The Big Bang theory is a cosmological model that describes how our current observable universe arose. But there is still a lot to learn about the concept, especially when it comes to what happened in those early split seconds after the Big Bang itself. What happened in that second when our universe appeared? NASA wants to know that.
To do this, the space agency has designed a space telescope that will be able to explore the universe in search of evidence of those early moments.
Currently carrying Very Wonderful SPHEREx nickname (short for “Spectrophotometer for the History of the Universe, Age of Reionization and Ices Explorer”) She is moving well with her plan to build the telescope.
Next steps: Start working on the final design and start building the thing, with the goal of launching it between 2024 and 2025.
The Spirex space telescope is expected to be the size of a “small car,” and according to the latest NASA release, it will “map the entire sky four times, creating a huge database of stars, galaxies, nebulae (clouds of gas and dust in space) and many other celestial bodies.”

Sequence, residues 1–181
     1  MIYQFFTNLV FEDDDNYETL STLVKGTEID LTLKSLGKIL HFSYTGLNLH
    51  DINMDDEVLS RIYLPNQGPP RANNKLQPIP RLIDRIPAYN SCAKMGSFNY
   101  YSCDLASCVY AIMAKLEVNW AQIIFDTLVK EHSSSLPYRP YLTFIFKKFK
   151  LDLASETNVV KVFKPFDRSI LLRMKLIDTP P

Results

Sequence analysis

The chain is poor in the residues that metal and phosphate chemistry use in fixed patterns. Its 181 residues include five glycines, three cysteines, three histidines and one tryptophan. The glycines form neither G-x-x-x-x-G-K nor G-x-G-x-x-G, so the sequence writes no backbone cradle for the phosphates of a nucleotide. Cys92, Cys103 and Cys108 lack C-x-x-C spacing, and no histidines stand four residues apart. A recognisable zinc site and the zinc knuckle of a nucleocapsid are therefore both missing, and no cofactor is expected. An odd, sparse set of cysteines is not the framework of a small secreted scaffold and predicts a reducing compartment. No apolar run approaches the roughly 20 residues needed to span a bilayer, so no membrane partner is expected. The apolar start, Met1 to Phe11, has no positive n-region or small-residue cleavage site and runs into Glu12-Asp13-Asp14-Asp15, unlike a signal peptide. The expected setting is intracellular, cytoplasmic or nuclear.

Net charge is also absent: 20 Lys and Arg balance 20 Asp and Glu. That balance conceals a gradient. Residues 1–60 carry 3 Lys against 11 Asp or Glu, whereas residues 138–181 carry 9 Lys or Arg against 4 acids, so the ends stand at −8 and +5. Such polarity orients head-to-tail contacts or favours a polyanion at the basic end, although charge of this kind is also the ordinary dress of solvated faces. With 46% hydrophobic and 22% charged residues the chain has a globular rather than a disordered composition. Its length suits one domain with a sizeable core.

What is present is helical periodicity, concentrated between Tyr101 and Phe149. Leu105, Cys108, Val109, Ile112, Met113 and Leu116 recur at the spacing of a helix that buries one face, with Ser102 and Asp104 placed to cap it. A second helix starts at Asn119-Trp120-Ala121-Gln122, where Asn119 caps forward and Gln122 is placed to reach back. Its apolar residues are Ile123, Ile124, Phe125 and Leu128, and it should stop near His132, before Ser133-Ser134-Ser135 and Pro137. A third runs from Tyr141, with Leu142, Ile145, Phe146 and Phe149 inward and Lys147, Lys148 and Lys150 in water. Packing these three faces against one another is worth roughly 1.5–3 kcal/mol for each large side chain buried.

If all goes as planned, SPHEREx will be NASA’s first mission to create a “spectroscopic map of the entire near-infrared sky”, observing a total of 102 near-infrared colors.
“This is like going from black and white images to color,” explained Allen Farrington, SPHEREx project manager.
SPHEREx’s first priority is to search for evidence of something that NASA says “may have occurred in less than a billionth of a billionth of a second after the Big Bang.”
By mapping billions of galaxies across the universe, NASA hopes to find statistical patterns that could help explain what happened right after the Big Bang, when the universe expanded rapidly. The newly created map will also help search for water ice and frozen organic particles around newly formed stars.
SPHEREx also hopes to discover more about galaxy formation and may be able to discover how some of the first galaxies created stars.
You can learn more about the SPHEREx mission Here.